Keywords: entrepreneur; entrepreneurship; self-employment; productivity; economic development; growth; employment; innovation; patents; R&D; research; development; utility; remuneration; income
    JEL: J01 L26
    Date: 2007–08–27
  4. By: André van Stel; Roy Thurik; Ingrid Verheul (Erasmus University Rotterdam, and EIM, Zoetermeer); Lendert Baljeu (Erasmus University Rotterdam)
    Abstract: This paper examines the relationship between entrepreneurship (as measured by fluctuations in the business ownership rate) and unemployment in Japan for the period between 1972 and 2002. We find that, although Japan’s unemployment rate has been influenced by specific exogenous shocks, the effects of entrepreneurship on unemployment are not different when compared to other OECD countries. In the past, small firms in Japan benefited from the protective environment of the keiretsu structure. This secure environment no longer exists, and a new market environment conducive to new venture creation and growth has not yet been established. We argue that the Japanese government should actively stimulate an entrepreneurial culture.
    Keywords: entrepreneurship; business ownership; unemployment; Japan
    JEL: J23 J64 L26 O11 O53
    Date: 2007–10–11
  5. By: Garbis Iradian
    Abstract: This paper analyses some of the main factors behind the recent rapid growth in the Commonwealth of Independent States (CIS) and the prospects for its continuation. Two approaches are used. The first approach uses growth accounting exercises to estimate the total factor productivity (TFP) growth of all transition economies and compare them with other fast-growing economies. The second approach uses panel regression to estimate the determinants of per capita and TFP growth for 90 countries. Both short-run and long run coefficients are estimated using fixed effects, random effects, and two stage least squares (2SLS) econometric techniques. The central conclusion of the study is that the rapid growth of the CIS countries over the past six years has been driven primarily by improvement in labour productivity, increases in capacity utilization, recovery of previously lost output, favourable commodity prices, and large increases in remittances. This strong growth may continue over the next few years. Why? First, the still relatively low real GDP base and low average per capita means that there is more catch-up potential. Second, the recent trend of faster capital accumulation is expected to play a more important role in the medium-term growth. Third, education levels are relatively much higher than in other regions. There is a downside risk, however, arising from the high concentration of exports in a few commodities. The undiversified export structure and the terms-of-trade gains may expose the CIS countries to considerable external risks. The challenge, therefore, will be to improve the investment climate in the non-primary sectors. Improving the investment climate will require further progress in implementing structural reform and strengthening institutional development. The undiversified export structure and the terms-of-trade gains may expose the CIS countries to considerable external risks. As time passes, the share of growth derived from improved resource allocation may diminish gradually and long-term rapid growth will be increasingly dependent on physical and human capital accumulation.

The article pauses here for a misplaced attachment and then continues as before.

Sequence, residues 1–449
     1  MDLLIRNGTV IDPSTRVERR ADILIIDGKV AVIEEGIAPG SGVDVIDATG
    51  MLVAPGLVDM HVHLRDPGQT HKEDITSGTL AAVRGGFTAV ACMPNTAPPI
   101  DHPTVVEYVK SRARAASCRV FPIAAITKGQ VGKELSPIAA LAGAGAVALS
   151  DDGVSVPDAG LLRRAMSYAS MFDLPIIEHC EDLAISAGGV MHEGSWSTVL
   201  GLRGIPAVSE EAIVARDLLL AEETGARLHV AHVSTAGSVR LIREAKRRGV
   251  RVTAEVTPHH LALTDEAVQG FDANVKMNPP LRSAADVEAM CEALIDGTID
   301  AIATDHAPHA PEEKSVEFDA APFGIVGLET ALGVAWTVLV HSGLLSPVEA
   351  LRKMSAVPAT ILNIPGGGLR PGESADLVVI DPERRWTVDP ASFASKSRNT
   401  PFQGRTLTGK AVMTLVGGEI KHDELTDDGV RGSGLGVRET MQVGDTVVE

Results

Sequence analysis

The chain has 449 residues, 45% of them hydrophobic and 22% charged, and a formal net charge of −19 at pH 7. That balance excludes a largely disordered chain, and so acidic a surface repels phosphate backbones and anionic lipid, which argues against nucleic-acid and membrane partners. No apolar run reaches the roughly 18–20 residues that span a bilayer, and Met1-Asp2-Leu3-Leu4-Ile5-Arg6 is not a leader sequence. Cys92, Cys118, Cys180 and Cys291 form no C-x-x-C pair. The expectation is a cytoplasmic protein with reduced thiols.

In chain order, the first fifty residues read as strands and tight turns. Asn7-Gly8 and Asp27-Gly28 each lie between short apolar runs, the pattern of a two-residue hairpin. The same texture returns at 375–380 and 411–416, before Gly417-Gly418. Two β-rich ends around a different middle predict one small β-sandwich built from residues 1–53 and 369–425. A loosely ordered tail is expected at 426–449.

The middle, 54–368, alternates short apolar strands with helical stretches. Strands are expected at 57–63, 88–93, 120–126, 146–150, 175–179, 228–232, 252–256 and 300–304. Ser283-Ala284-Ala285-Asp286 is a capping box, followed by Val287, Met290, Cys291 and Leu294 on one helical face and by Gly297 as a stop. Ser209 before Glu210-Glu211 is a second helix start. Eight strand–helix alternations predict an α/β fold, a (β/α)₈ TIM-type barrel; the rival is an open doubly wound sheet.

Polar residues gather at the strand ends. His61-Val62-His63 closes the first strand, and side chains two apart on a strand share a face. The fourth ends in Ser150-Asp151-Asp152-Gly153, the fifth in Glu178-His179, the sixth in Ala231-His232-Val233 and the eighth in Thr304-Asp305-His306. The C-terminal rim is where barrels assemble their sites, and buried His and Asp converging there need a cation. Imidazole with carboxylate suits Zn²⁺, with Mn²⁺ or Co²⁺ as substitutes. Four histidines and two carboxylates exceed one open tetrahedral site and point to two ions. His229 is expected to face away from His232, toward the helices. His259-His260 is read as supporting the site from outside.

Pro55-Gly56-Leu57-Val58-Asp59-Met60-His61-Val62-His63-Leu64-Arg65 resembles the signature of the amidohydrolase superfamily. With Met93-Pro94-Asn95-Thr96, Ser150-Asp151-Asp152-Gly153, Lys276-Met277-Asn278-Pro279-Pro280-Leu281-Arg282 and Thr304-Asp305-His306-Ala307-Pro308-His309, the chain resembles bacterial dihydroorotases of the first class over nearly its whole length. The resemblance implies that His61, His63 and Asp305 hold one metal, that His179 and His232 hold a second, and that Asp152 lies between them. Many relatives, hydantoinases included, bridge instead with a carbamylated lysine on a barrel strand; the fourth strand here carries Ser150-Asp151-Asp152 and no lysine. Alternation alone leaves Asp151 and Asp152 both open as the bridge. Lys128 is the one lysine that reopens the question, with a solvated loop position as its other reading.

Keywords: growth, TFP, remittances, institutions
    JEL: F1 O47 F20 N7
    Date: 2007–02
  6. By: Bruce Sheerin
    Abstract: The government of New Zealand delegates property expenditure decisions to each individual school. Such a decentralised environment creates a challenge for school boards and principals to obtain advice on the complex issues around designing schools. To inform schools, the Ministry of Education provides numerous publications related to design and selected best practice samples via its website.
    Keywords: decentralisation, learning environment, educational buildings, school infrastructure
    Date: 2008–02
  7. By: F. Rosati; M. Rossi
    Abstract: This paper focuses on the impact that two different types of policy interventions, namely enhancing school quality and contingent cash transfers , have on child labour and school attendance in Mexico. While there are many studies on the impact of Oportunidades on schooling outcomes, little evidence is available on whether school quality programs such as CONAFE also reduce child labour and help keep children in school. To carry out the analysis, we merge the Oportunidades panel dataset for the years 1997 to 2000 to the CONAFE dataset containing detailed information on the school quality program components. The econometric strategy involves a bivariate probit model for child labor and schooling, both for primary school aged children and adolescents. In this way, we are able to control whether the impact of the program on schooling differs according to the age of the targeted child. Our findings suggest that school quality programs are not only effective in increasing school attendance, but also act as derrents to child labor, especially for children of secondary school age.